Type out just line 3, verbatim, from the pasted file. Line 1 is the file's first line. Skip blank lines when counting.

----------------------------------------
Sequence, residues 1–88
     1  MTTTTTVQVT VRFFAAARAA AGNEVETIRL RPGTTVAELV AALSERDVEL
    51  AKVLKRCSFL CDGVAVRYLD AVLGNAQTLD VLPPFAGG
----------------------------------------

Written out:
    51  AKVLKRCSFL CDGVAVRYLD AVLGNAQTLD VLPPFAGG